November 30, 2009 Leave a comment

Every day there are stories and advertisements in business magazines and newspapers about the organizations benefitting from the implementation of ERP and CRM. The vendors (Oracle, Sales force etc.) leave no stone unturned to make sure their success stories reach the audience. Many organizations do get influenced by these messages coming from the industry as well as the vendors. No organization wants to lag behind its competition and is willing to invest a few million dollars if the implementation gives it an edge over the competition.

But, the question is: Is the CRM really required?

The legendary Harvard Professor and noted economist, Theodore Levitt once said that a customer does not want a quarter inch drill; all he wants is a quarter inch hole. The same rule applies to organizations thinking for implementing the CRM package. The question they should ask is: Do we want to implement CRM or do we want a solution for a problem? More often than not, the answer will be that the organization is looking for a solution to its problem. There can be many solutions to this problem. The organization can improve by just improving the competency of the human component or by just re-engineering its processes. Some other problems might be solved with just adding enhancements to the existing IT systems.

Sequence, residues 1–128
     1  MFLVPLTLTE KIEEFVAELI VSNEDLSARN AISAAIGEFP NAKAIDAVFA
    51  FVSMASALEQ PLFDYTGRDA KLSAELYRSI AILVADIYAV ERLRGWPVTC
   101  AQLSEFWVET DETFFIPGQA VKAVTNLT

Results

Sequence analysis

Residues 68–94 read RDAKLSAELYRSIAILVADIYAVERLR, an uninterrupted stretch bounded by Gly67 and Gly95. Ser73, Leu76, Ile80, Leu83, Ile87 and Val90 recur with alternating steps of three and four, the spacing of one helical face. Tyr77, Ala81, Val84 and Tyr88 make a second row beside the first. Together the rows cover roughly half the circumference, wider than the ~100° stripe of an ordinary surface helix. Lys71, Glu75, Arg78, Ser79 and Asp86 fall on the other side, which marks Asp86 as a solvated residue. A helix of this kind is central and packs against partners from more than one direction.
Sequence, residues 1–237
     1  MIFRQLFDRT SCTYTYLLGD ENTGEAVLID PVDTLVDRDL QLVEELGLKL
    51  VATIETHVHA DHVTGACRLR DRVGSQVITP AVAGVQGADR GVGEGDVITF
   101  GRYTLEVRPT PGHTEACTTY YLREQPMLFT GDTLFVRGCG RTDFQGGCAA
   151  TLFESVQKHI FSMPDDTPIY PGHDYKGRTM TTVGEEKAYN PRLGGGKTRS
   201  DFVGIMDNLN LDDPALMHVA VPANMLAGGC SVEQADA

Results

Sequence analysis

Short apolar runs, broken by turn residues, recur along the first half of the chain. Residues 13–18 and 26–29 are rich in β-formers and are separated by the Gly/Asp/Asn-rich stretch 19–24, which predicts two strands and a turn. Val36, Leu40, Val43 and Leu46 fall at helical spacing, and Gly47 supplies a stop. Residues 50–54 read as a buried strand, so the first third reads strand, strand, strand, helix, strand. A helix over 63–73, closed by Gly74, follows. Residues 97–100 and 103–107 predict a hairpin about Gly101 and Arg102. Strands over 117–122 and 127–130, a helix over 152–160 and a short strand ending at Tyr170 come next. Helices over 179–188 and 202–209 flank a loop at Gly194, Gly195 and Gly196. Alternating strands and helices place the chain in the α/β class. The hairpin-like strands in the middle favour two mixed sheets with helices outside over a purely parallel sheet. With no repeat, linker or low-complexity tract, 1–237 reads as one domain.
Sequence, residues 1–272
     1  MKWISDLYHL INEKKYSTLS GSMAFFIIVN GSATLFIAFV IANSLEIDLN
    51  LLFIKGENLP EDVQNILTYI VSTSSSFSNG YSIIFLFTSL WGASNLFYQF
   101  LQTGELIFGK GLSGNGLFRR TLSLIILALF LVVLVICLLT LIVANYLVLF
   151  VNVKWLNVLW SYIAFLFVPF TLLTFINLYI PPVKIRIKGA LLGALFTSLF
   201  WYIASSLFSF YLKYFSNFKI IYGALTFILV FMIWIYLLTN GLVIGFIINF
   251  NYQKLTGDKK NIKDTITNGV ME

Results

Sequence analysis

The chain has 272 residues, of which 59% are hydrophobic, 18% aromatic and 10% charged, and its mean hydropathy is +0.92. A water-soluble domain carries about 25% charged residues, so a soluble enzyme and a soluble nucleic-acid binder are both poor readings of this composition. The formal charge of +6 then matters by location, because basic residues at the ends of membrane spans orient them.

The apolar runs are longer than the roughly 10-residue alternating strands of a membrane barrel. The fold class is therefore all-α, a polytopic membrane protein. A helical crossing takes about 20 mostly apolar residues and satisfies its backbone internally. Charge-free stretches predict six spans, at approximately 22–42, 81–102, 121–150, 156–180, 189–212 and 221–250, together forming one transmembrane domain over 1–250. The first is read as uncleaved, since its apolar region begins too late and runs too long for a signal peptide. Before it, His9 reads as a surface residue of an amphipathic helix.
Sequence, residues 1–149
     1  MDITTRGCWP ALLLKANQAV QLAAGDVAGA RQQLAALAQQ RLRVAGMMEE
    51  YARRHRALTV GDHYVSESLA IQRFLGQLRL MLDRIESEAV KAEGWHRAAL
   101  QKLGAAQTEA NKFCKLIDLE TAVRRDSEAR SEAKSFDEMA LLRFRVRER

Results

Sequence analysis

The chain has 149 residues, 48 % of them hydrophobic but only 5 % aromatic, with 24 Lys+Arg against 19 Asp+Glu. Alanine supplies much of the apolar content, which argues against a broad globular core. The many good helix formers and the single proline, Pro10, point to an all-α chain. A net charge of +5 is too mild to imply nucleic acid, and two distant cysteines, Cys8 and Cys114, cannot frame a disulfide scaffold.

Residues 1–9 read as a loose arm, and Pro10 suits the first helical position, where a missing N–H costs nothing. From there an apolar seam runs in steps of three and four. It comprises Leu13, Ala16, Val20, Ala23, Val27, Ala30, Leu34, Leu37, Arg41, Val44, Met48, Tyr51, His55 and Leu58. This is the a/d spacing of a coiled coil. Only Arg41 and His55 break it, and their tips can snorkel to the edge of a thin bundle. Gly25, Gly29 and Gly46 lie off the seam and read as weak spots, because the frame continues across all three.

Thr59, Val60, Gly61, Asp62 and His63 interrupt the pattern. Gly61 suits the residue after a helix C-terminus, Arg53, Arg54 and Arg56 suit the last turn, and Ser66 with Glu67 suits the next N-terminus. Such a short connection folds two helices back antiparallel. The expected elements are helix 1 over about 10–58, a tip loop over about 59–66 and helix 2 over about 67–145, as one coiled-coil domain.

Build vs. Buy: When the organization is convinced that it has to improve or replace the existing IT systems, the next decision is to decide between whether the organization should build its own system or buy an EA product?

When the patchwork on the IT system stops working, the option of building the system has been ruled out its time to justify the implementation of CRM. The implementation of CRM is justified if the organization has the following requirements:

  1. The organization is a customer centric organization or wants to transform into a customer centric organization.
  2. It has multiple teams working on a single process and the process ownership changes from one stage to another.
  3. The coordination between teams and flow of data from one team to another is the key to success of a process/ transaction.
  4. It feels that customer service has to be personalized for each segment or each customer.
  5. It wants to integrates all the three functions of the customer interaction: Identification, Acquisition and Maintenance of customers.
  6. It has the money and resources to implement and maintain a CRM System.

The CRM Implementation- Introduction

November 30, 2009 Leave a comment

    Many organizations have a need and a desire of implementing CRM and the related systems. Implementing these systems if a big decision for the companies and costs a bomb in terms of money and human resource spending. Even after meticulous planning and careful implementation, the companies are not sure if they will be able to achieve the desired results.

    I have started writing a series of articles on the planning and implementation methodology that may serve as broad guidelines for companies to implement these systems. The series will take the readers from the planning through the implementation and optimizing and fine tuning the system.